A living cell is a sophisticated system that performs some of the most challenging tasks—sustaining life being one! With each passing day, scientists solve the puzzle of life by studying these cells. What if they could insert tiny machines that can get inside these living cells to observe what happens inside, to discover potential problems, and perhaps to deliver precisely targeted medications? It’s no longer science fiction, but a reality, thanks to the researchers at the Indian Institute of Science (IISc), Bengaluru. In a study published in the journal Advanced Materials, the researchers have demonstrated a novel method of controlling and maneuvering such machines, known as nanomotors, using magnetic fields, inside living cells.
“The tiny motors have the potential to explore new biophysical aspects of a living cell as they can be manipulated inside the cell with great accuracy. It has the potential ability to explore the intracellular environment, especially the organelles of the cell up-close which no other technique can do”, said Mr. Malay Pal, the lead author of the study, in an interview to Research Matters. He is a PhD student at the Centre for Nano Science and Engineering at IISc.
The concept of nanomotors is not new; they have been used in the past to study cells and even deliver substances to cells. Until now, they have been powered by ultrasonic waves—sound waves that are outside the range our hearing ability. However, these ultrasound waves can disturb the cells and their environment, thereby restricting the range of potential applications of the nanomotors they power.
In this study, the researchers have built the nanomotors using polystyrene (a type of polymer) beads and silica. “Fabricated nanomotors are first laid on a silicon wafer and then, a thin layer of magnetic material is deposited over the surface to make them magnetically active,” said Mr. Pal. These nanomotors can now be moved using an external magnetic field instead of ultrasound waves. Since the strength of such a magnetic field is only about 3 mTesla—one-hundredth of what is needed for an MRI (Magnetic resonance imaging) scan—they are too weak to interfere with the normal activities of the cells and tissues, say the researchers.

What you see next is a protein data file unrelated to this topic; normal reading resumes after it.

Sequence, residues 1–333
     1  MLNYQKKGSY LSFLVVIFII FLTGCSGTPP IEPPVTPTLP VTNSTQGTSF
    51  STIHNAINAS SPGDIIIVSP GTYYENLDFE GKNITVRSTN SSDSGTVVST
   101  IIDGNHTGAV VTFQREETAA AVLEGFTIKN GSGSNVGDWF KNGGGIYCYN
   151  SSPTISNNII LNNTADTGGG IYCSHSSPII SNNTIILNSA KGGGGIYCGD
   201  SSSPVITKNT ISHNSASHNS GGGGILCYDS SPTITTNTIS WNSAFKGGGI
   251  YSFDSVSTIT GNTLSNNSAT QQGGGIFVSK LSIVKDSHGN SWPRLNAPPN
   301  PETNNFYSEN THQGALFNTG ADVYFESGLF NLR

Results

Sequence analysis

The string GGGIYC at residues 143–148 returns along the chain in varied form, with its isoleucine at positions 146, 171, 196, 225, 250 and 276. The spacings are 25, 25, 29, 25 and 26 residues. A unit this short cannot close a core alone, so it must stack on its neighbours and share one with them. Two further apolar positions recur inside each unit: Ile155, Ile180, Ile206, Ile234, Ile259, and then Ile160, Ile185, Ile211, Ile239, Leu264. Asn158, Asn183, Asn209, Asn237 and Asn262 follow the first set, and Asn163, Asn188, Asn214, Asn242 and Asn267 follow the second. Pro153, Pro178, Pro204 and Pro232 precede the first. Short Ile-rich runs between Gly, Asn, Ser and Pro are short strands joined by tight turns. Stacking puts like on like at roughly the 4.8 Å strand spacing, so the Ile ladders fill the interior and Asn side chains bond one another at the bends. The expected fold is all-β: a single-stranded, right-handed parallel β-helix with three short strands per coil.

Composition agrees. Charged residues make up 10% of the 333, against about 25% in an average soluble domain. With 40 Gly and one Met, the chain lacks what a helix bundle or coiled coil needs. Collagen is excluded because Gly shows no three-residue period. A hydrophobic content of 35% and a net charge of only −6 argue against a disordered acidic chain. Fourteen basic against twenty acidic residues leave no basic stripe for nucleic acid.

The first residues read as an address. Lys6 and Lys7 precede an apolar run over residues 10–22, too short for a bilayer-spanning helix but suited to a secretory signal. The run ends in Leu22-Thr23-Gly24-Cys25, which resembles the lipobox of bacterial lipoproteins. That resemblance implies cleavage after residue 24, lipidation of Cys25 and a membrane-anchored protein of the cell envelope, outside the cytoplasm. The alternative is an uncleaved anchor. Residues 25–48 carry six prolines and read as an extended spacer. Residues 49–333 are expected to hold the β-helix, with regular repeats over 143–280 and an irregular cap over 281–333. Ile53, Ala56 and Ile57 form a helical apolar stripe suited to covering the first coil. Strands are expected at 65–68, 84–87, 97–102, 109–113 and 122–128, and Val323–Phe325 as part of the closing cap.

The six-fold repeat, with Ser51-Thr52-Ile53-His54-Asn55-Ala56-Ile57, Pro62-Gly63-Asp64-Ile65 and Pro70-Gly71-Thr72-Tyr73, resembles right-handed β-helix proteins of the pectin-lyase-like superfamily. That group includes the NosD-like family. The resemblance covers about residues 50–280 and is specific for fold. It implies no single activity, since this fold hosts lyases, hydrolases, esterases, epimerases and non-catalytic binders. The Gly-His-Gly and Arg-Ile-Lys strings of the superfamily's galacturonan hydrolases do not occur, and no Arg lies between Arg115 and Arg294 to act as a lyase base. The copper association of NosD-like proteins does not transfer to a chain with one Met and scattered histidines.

So how are these nanomotors guided into our cells? “We grow around 100,000 cells in a petri dish overnight. Following this, around a million nanomotors are incubated for 24 hrs with these cells. During this time, the nanomotors are engulfed by the cell through a process called phagocytosis. Then we can manipulate these nanomotors, which are inside cells, using rotating magnetic fields,” explained Mr. Pal, commenting on the experimental setup.
After the experiment, the researchers found that the magnetic nanomotors were successfully internalised by the cells and could subsequently be maneuvered across the intracellular space with no adverse effect on the cell structure. In most cases, they could also observe the motion of the nanomotors inside cells using microscopes. However, in a minority of cases, the nanomotors failed to respond to the external magnetic field because the nanomotors got stuck to other cell components or in rare cases because they got trapped inside cell compartments.
The study has potential applications in cellular biology in helping scientists get a closer look at the cells like never before. “Observing cells using external means might be entirely different from the way these nanomotors can see cells from inside, and that is why nanomotors can be used as a new tool in cell biology”, remarked Mr. Pal.
Also, these nanomotors have tremendous applications in the field of medicine. “We are expecting that it would be possible to measure local fluidity of the cell that can lead to early and swift disease diagnosis. Apart from these applications, we hope, with this advancement, it would be possible to deliver drug at a specific site inside a living cell that would enhance the efficiency of medicine”, Mr. Pal added.
What holds in the future for these marvellous nanomotors? “We are working on our next follow-up project, where we are trying to use this technique to measure the different mechanical properties of the intracellular environment,” signed off Mr. Pal.